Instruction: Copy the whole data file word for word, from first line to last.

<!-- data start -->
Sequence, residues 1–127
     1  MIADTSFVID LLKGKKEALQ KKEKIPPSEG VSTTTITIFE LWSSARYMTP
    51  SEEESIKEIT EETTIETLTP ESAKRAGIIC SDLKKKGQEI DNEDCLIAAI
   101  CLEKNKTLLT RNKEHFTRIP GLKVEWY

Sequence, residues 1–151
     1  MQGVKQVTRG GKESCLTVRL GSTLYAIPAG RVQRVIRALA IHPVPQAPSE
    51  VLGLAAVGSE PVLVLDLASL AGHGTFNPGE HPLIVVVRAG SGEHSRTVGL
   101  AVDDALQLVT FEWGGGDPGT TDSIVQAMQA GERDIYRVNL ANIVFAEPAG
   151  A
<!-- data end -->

Sequence, residues 1–127
     1  MIADTSFVID LLKGKKEALQ KKEKIPPSEG VSTTTITIFE LWSSARYMTP
    51  SEEESIKEIT EETTIETLTP ESAKRAGIIC SDLKKKGQEI DNEDCLIAAI
   101  CLEKNKTLLT RNKEHFTRIP GLKVEWY

Sequence, residues 1–151
     1  MQGVKQVTRG GKESCLTVRL GSTLYAIPAG RVQRVIRALA IHPVPQAPSE
    51  VLGLAAVGSE PVLVLDLASL AGHGTFNPGE HPLIVVVRAG SGEHSRTVGL
   101  AVDDALQLVT FEWGGGDPGT TDSIVQAMQA GERDIYRVNL ANIVFAEPAG
   151  A